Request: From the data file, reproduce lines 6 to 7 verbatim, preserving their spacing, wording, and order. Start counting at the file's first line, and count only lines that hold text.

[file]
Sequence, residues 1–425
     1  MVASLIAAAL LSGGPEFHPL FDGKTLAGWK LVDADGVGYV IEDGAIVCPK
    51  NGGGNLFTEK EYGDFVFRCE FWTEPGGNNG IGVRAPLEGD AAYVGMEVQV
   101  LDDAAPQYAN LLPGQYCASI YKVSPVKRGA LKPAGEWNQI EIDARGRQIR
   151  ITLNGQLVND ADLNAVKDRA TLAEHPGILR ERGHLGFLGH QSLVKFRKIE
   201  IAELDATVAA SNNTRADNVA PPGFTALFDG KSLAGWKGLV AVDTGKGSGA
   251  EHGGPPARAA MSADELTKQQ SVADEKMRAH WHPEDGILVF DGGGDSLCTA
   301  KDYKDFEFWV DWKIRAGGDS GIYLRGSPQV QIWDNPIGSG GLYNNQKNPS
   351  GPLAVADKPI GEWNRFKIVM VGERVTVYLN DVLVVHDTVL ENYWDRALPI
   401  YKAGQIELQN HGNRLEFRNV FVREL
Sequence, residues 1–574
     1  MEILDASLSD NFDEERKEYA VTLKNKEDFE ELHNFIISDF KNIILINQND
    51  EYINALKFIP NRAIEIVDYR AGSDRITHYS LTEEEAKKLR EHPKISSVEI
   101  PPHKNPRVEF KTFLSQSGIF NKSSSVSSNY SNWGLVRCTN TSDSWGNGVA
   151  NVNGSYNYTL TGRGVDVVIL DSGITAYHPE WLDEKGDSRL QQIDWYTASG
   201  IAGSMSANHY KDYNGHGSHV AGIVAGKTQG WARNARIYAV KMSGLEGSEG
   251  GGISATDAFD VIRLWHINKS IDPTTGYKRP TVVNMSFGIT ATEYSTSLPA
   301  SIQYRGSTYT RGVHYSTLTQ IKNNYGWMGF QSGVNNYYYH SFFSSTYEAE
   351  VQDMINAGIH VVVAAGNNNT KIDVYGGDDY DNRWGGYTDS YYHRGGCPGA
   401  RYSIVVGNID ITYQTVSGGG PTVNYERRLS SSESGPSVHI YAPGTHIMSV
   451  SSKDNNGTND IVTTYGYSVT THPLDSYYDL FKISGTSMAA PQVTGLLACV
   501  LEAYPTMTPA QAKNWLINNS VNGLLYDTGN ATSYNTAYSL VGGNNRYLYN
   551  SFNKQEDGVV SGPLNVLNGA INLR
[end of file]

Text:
   201  IAELDATVAA SNNTRADNVA PPGFTALFDG KSLAGWKGLV AVDTGKGSGA
   251  EHGGPPARAA MSADELTKQQ SVADEKMRAH WHPEDGILVF DGGGDSLCTA